An additional benefit with the natural carbonation formed in a closed fermenter is the ability to easily pull a carbonated sample from either a sample valve or tap. Typically, non-carbonated samples are pulled using a wine thief, which introduces opportunities for contamination. With a closed pressure fermenter you can quickly grab a safe sample with almost no chance of spoilage. You also can immediately counter-pressure fill directly from your pressurized fermenter into dispensing kegs or bottles. 

Scott Ciampa, Head Brewer of Idle Vine Brewery in Austin, Texas, likes to ferment under pressure simply as a way to save money on CO2 and speed up the carbonation process. He applies pressure toward the end of fermentation when the beer reaches a few degrees above the target terminal gravity. At that point he caps off the fermenter and allows the final stages of fermentation to naturally bring the tank up to around 7–10 psi. This allows the brewer to skip any carbonation time spent when it’s time to cold crash the beer. 


For those achieving primary fermentation in a ball- or pin-lock keg, you will benefit greatly from the use of a spunding valve. The spunding valve will maintain a certain amount of pressure in your keg, and open up to release excess CO2 at a pressure predetermined by you. (You can purchase spunding valves pre-assembled from several homebrew suppliers or build your own, plans for which can be found at One of the great benefits of the spunding valve is that it will keep the beer from foaming out during high kräusen, when your yeast is most actively fermenting the beer. 


Let us start from the moment that your yeast has been pitched. Let’s assume we have already properly aerated our wort with either pure oxygen by injecting, stirring, shaking or some other method. You will flood the head (non-liquid-occupied) part of your primary fermenter with a small amount of CO2 through the liquid tube or racking arm, thereby aerating the wort-yeast mixture with CO2 as a mixing device and purging the remaining air and other possible contaminants through the airlock or opened spunding valve (pressure release valve). Now the spunding valve should be set to open only when 15 PSI or so has been reached. You will need to pressurize the keg slightly with CO2 when starting out to ensure that there is, in fact, an airtight seal and that no air is in the fermenting vessel.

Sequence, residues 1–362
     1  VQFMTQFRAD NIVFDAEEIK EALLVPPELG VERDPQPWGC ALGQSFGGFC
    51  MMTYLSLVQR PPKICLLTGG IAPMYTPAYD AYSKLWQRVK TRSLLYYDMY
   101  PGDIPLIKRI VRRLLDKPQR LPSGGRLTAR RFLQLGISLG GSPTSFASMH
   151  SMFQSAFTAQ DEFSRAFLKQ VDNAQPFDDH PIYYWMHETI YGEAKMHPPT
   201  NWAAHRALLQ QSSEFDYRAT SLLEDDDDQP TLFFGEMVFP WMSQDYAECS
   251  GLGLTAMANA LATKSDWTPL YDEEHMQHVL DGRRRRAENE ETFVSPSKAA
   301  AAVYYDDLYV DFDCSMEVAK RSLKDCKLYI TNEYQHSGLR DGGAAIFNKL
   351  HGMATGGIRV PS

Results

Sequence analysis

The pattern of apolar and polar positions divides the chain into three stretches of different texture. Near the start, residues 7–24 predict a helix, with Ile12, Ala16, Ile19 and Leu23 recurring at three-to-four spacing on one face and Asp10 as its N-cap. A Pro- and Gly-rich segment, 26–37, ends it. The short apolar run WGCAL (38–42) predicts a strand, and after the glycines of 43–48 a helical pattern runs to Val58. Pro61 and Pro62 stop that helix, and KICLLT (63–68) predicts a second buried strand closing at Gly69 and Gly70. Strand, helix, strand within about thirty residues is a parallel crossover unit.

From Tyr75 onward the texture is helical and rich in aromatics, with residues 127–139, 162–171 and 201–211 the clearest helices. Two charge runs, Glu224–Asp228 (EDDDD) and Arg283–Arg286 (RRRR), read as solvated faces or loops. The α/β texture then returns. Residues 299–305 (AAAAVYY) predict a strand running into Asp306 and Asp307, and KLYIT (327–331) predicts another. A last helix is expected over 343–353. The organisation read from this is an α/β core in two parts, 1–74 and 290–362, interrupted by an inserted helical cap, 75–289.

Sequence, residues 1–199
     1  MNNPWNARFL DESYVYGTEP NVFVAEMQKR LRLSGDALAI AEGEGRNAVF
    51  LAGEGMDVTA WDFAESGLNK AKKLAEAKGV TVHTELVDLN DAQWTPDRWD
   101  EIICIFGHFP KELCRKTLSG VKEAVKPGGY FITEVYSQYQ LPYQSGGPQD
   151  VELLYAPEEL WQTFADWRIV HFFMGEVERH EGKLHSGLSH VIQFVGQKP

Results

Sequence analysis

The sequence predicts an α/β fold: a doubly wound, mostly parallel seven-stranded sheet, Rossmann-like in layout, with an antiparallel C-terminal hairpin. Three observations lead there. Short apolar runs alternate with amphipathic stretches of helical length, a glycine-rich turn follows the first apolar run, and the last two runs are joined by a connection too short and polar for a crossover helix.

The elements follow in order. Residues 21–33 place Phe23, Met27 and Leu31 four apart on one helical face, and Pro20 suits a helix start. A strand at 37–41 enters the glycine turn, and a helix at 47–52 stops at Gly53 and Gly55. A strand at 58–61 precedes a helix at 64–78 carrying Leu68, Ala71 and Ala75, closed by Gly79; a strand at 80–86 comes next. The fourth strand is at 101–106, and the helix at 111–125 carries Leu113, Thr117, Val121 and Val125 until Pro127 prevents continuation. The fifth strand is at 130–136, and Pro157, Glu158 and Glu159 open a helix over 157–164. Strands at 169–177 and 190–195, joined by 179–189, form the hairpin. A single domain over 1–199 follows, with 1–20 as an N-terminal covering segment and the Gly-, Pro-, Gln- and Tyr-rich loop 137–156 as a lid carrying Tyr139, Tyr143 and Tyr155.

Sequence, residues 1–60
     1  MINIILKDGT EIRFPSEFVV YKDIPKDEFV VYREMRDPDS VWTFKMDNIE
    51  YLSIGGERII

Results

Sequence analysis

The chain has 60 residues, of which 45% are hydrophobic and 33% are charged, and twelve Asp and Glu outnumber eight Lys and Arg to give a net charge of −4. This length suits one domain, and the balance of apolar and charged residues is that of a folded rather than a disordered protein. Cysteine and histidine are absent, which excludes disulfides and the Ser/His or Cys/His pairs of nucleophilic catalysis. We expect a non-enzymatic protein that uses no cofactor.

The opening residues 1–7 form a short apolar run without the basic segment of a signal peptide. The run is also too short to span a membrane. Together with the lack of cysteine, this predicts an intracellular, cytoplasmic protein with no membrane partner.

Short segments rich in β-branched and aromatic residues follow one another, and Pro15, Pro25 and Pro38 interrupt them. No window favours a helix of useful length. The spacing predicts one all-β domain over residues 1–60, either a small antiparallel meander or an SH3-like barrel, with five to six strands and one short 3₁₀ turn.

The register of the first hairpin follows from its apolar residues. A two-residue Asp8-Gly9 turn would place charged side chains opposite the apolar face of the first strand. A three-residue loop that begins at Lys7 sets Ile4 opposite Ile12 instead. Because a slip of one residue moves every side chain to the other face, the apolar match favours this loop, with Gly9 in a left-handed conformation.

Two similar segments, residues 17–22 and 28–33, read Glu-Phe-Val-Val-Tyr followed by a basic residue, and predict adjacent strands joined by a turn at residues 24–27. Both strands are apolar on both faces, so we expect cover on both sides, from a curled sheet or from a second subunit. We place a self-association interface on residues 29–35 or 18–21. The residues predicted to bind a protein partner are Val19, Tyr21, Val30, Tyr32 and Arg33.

Once your beer has fermented to the point that the desired specific gravity is achieved, it is now time to set the carbonation level to the desired volume of CO2. You will want to re-set your spunding valve accordingly, if the desired level of CO2 requires a different setting than you have already dialed-in. Leaving your beer to settle out for a week after specific gravity is reached will help with the finishing. 


A vigorous fermentation tends to blow out many of the hop oil compounds that give a hoppy beer its aroma. Adding a layer of top pressure in the fermenter reduces the kräusen and, in theory, the hop aroma loss. Some of the hop oils will still escape via a spunding valve even under pressure, but the idea is that many more of these aromatic oils will be captured inside.

I dry hop in a ball-lock keg fitted with a tabbed lid to hang a hop canister or bag inside. I sanitize everything, hang the hops inside the keg, and then purge the keg with CO2 for a few minutes to try and reduce the amount of oxygen present. I attach my spunding valve and set it to my desired pressure and transfer the beer under equal pressure from the fermenter to the awaiting kegs with hops. 


Moving carbonated beer from the fermenter to a secondary, brite, or serving keg needs to be countered with equal pressure in the receiving vessel. This is another area where your spunding valve can be handy.